Sixth place for Ruben Xaus made up somewhat of his race one mishap but after a stern talking to from none other than Carl Fogarty in between races; it was possibly fear that kept Xaus upright on this occasion as he held off his race one combatant Neil Hodgson.

Hodgson made a reasonable start from second on the grid behind Bayliss but was still forced to give best to Chili and the inspired Alessandro Antonello on the first lap. As he took time to adjust to the bike, fixed after his race one problem, several other riders made their way passed the GSE Racing Ducati although after falling as low as ninth at one point, the 2000 British Superbike Champion, emerged victorious in a scrap with the Aprilia of Regis Laconi.

Laconi was yet again the sole factory Aprilia to complete the full 18 laps after Antonello's fine run came to a smoky halt on lap four after he had previously held down third spot and Corser, who made a bad getaway, toured in from seventh on lap 11. Corser's double DNF has allowed Bayliss to put some clear air between the two in the Championship with Edwards now only three points shy of the Aprilia rider in third.

Stephane Chambon continued his 100 per cent finishing rate with a solid run to ninth although for the second race running he had a lonely time of it, slower than the rest of the factory men but quicker than the privateers save for Hodgson while Alex Gramigni completed a highly successful return to the series on his faithful Valli Moto Yamaha by not only rubbishing Juan Borja's 'yellow peril' for the second time in two races but taking a top ten result to boot.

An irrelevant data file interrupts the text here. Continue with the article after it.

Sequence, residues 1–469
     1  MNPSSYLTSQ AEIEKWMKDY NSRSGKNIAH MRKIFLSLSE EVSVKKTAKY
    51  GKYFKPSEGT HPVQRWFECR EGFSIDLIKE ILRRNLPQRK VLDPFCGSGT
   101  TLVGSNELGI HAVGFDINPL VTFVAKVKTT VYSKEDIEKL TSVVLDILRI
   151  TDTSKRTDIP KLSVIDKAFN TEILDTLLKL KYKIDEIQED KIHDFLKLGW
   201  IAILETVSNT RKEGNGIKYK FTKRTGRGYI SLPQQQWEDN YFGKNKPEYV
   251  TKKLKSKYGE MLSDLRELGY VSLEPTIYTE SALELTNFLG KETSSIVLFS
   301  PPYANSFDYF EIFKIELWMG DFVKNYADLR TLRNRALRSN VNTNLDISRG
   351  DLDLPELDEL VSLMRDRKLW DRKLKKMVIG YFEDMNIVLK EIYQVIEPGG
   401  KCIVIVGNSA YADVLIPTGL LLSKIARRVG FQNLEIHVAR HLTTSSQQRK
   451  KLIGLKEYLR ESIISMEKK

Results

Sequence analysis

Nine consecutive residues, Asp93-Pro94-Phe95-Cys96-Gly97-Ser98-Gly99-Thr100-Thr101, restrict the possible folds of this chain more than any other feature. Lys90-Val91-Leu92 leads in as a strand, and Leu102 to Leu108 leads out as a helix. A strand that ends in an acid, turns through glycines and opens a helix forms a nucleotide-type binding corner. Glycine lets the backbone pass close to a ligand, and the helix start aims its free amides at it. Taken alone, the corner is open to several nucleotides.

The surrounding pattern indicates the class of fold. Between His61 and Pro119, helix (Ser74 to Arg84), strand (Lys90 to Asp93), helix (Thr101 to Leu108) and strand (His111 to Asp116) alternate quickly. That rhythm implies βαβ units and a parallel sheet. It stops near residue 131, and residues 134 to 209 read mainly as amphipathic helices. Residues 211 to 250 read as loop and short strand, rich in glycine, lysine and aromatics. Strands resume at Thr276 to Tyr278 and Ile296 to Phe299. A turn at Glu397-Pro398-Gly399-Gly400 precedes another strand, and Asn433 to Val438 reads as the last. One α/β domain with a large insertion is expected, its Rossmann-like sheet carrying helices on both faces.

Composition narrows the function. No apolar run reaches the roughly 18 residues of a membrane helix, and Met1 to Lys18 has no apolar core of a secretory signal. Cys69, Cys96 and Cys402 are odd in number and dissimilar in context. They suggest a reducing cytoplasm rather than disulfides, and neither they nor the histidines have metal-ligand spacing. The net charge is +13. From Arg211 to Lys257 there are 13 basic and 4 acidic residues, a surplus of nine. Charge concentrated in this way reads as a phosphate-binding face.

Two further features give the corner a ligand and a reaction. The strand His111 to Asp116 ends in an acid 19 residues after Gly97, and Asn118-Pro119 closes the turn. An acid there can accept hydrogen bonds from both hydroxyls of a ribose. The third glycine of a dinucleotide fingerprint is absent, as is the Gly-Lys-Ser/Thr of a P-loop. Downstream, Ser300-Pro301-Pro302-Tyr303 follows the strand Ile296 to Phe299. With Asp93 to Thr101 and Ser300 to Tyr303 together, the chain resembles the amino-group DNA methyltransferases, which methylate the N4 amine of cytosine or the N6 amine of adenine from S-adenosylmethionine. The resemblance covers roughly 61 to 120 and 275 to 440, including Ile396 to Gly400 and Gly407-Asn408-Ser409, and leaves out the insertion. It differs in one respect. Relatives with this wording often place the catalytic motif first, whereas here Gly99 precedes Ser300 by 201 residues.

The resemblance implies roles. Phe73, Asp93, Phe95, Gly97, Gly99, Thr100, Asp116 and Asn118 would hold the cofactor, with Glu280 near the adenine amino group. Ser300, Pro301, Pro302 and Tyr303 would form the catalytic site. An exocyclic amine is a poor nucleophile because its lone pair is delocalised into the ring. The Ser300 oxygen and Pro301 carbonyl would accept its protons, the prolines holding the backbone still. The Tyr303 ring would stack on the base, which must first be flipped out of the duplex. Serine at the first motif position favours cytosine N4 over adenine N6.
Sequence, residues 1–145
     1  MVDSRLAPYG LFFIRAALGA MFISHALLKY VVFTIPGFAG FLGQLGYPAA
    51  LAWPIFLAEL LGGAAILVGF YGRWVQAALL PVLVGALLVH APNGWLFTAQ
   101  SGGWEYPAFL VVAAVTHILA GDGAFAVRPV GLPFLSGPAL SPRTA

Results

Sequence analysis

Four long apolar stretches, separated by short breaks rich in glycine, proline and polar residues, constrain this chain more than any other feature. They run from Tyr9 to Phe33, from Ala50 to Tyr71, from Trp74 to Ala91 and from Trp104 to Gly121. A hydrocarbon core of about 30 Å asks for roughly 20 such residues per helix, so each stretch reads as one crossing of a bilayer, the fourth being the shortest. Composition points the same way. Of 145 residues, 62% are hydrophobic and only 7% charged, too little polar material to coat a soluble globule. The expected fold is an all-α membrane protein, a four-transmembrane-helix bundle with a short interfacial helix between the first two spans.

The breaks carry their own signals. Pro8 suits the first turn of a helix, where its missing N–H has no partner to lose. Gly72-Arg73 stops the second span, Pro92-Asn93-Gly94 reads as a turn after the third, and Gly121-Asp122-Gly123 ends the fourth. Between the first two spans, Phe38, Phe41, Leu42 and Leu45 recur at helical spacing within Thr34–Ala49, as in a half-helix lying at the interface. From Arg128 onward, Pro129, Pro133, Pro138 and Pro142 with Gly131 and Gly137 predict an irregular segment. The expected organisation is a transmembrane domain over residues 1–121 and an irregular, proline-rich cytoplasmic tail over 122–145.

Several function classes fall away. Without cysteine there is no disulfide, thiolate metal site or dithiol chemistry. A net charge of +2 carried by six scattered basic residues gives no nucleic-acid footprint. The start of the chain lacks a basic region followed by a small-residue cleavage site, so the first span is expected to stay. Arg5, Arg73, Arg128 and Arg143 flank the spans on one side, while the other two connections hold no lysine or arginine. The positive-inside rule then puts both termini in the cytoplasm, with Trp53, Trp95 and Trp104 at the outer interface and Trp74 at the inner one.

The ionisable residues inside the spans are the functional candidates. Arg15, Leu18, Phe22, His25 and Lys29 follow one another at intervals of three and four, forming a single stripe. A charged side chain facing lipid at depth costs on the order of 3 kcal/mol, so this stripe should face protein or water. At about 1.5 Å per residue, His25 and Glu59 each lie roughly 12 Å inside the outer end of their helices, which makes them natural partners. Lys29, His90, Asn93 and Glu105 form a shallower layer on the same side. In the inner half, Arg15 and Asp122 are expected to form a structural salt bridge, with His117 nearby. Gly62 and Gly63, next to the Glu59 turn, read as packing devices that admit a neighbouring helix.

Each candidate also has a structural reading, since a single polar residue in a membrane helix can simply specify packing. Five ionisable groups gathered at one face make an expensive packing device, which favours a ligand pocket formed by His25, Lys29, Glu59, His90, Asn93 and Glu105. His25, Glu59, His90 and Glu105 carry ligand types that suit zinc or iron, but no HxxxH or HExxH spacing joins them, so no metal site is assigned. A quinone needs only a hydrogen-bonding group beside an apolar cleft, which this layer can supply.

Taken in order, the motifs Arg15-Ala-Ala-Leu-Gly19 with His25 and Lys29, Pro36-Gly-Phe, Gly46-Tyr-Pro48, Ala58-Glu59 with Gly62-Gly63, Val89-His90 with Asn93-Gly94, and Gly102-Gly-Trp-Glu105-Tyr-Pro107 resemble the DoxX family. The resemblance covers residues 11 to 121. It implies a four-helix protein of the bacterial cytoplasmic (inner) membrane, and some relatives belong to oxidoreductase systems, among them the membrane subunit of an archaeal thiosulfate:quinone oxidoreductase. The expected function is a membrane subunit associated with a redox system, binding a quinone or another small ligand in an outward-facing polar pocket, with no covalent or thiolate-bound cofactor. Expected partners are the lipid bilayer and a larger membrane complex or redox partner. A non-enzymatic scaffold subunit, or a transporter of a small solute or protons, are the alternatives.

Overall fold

Giovanni Bussei, Robert Ulm, Lucio Pedercini, Steve Martin and Mauro Sanchini completed the point's scorers as once again the 29 bike starting field was stricken by mechanical failures with only 17 riders still running at the finish.

The most significant retiree other than those already mentioned was the second Fuchs Kawasaki of Gregorio Lavilla which parted company in frightening fashion on lap six when the Spaniard was spat over the top of the machine and then beaten up by it as they both entered the Parabolica gravel trap. There was an air of nervousness throughout the WSBK paddock as the man who suffered a terribly painful broken pelvis here last season was stretchered away from the crash but he was later up and abut and despite having several bumps and bruises he was OK.

Another year and another two superb races at Monza despite the re-profiled chicanes which did their best to upset everybody whenever possible. Bayliss now has a modicum of comfort atop the points table as the WSBK circus head to Donington Park, the scene of a truly memorable encounter 12 months ago where the racing world was introduced to the new, improved Neil Hodgson. Another pack of world class wild-card riders await the regulars at the undulating 2.5-mile circuit and May 27th promises to be a day of superb action.